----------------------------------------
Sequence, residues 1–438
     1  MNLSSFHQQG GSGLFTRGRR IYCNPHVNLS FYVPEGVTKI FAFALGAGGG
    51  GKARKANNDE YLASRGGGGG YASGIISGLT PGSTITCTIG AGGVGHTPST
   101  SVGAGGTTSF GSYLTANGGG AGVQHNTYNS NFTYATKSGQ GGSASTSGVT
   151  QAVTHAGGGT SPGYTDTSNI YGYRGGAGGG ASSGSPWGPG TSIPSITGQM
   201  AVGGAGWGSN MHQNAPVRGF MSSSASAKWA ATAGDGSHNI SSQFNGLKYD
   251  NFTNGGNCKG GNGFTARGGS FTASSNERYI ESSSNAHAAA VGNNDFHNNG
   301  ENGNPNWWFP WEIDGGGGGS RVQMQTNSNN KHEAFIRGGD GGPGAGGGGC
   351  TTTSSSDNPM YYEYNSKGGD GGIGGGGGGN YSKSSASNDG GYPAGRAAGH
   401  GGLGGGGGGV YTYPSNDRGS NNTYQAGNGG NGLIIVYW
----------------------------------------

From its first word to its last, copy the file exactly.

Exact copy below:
Sequence, residues 1–438
     1  MNLSSFHQQG GSGLFTRGRR IYCNPHVNLS FYVPEGVTKI FAFALGAGGG
    51  GKARKANNDE YLASRGGGGG YASGIISGLT PGSTITCTIG AGGVGHTPST
   101  SVGAGGTTSF GSYLTANGGG AGVQHNTYNS NFTYATKSGQ GGSASTSGVT
   151  QAVTHAGGGT SPGYTDTSNI YGYRGGAGGG ASSGSPWGPG TSIPSITGQM
   201  AVGGAGWGSN MHQNAPVRGF MSSSASAKWA ATAGDGSHNI SSQFNGLKYD
   251  NFTNGGNCKG GNGFTARGGS FTASSNERYI ESSSNAHAAA VGNNDFHNNG
   301  ENGNPNWWFP WEIDGGGGGS RVQMQTNSNN KHEAFIRGGD GGPGAGGGGC
   351  TTTSSSDNPM YYEYNSKGGD GGIGGGGGGN YSKSSASNDG GYPAGRAAGH
   401  GGLGGGGGGV YTYPSNDRGS NNTYQAGNGG NGLIIVYW